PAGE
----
Monday, December 24, 2012
The Hidden Fortress
Recently my husband and I were able to watch Akira Kurosawa's The Hidden Fortress during one of Hulu's “free” nights, and I found myself once again entranced by this delightful tale.
I've seen it perhaps 5 times in my life. The first time was in a revival theater, the Valley Art. I was around 19 years old, and the other people in the audience were mostly college students. As much as I liked seeing it on my 28-inch screen at home, it's a powerful experience on the big screen – so much so that, although the movie was filmed in black & white, I remember parts of it in color. Most of it was filmed at real, outdoor locations, but I suspect parts were filmed in a studio, on lovingly detailed sets. Cecil B. DeMille's got nothing on Kurosawa when it comes to gorgeous spectacle. Another thing that impresses me is the number of extras in the movie. It doesn't boast “a cast of thousands," but there are sometimes a few hundred people on the screen, yet the main characters never get lost in all that action.
The big star in the film is Toshiro Mifune, who plays the stoic samurai character, General Rokurota Makabe, with aplomb. When he wears a mustache and beard, he looks just like the paintings of samurai on silk screens, or like the masks in Japanese theater. He's wonderful, but he's made more so by the character who steals the movie: Princess Yuki. She is the reason I keep wanting to see this movie. She is extraordinarily beautiful, as you pretty much expect a princess to be, but it's actually her imperious-yet-socially-awkward personality that steals my heart. She is the only child of Lord Akizuki, and the sole survivor from an old and noble family. Because she had no brother, her father raised her to lead the clan. She is fearless and utterly imperial, well-trained in the art of giving orders that must be obeyed. These are traits that inspire devotion and unquestioning loyalty in the handful of servants that survived the massacre of her kin. She accepts this loyalty. But she is compassionate too – a trait she must wrestle with if she wants to re-establish her clan.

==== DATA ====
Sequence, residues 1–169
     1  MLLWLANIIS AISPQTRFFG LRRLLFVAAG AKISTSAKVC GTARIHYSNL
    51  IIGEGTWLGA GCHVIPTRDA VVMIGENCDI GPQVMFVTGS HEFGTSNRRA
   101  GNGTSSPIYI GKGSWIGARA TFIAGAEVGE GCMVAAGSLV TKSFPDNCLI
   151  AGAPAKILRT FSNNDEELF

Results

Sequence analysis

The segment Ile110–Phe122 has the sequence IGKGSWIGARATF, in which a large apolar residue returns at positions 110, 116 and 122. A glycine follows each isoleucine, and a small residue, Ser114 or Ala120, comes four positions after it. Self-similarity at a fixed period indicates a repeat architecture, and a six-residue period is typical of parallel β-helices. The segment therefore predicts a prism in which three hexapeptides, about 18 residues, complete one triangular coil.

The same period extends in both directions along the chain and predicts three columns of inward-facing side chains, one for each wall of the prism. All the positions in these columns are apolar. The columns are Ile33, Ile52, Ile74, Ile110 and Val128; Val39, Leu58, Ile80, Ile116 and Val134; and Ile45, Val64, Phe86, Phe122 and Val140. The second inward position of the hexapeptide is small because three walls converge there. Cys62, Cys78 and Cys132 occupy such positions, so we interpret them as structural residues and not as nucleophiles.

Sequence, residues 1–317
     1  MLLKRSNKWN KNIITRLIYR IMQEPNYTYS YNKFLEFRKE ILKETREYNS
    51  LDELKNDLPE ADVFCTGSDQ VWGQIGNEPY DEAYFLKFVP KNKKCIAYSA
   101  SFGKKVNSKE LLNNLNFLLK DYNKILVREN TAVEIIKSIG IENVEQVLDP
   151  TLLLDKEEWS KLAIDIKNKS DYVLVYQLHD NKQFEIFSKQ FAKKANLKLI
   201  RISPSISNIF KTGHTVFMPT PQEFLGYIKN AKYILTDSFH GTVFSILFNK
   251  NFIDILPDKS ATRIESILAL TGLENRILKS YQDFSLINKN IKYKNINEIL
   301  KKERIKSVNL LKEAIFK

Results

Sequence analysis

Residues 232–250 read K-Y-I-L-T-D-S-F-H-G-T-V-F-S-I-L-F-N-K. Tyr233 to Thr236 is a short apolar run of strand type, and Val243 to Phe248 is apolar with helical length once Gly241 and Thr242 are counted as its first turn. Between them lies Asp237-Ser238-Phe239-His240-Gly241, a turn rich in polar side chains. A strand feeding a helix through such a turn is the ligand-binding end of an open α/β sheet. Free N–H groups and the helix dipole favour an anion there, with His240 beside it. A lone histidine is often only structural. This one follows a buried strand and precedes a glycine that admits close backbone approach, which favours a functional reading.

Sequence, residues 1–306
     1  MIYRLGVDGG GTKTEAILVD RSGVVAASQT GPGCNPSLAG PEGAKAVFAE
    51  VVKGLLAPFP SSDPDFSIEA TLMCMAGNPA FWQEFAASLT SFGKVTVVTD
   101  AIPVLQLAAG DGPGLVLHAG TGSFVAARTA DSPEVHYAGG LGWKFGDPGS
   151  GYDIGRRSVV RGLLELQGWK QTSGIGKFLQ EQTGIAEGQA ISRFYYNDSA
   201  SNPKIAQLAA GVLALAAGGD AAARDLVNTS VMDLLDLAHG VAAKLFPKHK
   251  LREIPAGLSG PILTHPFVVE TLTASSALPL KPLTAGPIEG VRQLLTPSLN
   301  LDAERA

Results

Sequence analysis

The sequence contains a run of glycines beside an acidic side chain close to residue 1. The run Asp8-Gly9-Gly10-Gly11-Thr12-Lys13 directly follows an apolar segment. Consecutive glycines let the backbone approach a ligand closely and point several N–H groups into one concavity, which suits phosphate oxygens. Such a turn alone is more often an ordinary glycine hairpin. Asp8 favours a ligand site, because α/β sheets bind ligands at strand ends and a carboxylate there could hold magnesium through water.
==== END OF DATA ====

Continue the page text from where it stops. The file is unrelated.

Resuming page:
You might think Yuki and Rokurota are the glue that hold this movie together, but that distinction goes to a couple of viewpoint characters, the comical (but not always likeable) Tahei and Matashichi, a couple of peasants who went to war in order to get rich. This is not a scheme that works out for them, and things go from bad to worse in the first five minutes of the film. From that point forward, these two knuckleheads fall into one disaster after another. Their own greed and moral ambiguities drive them to keep making mistakes, but those are the traits Rokurota finds the most useful as he tricks them into helping him and Yuki move the gold that belongs to the shattered Clan Akizuki to safety.
Along the way, Yuki insists on rescuing a slave girl, an act of compassion that seems too soft-hearted at first, until this same girl manages to save the day several times. Can this band of misfits get the gold to safety so Yuki can rebuild her clan? The odds are stacked against them, but they still have some tricks up their sleeves.
Each time I watch this movie, I notice something different. This time it was the fact that the hidden fortress sits in the middle of an odd and other-worldly deposit of what appears to be volcanic tuff. I can't help wondering if this site survives intact in modern Japan. I hope it does. It was part of the magic of this movie, one detail in a long list of wondrous sights and sounds.
I love The Hidden Fortress. Princess Yuki has won my devotion, too.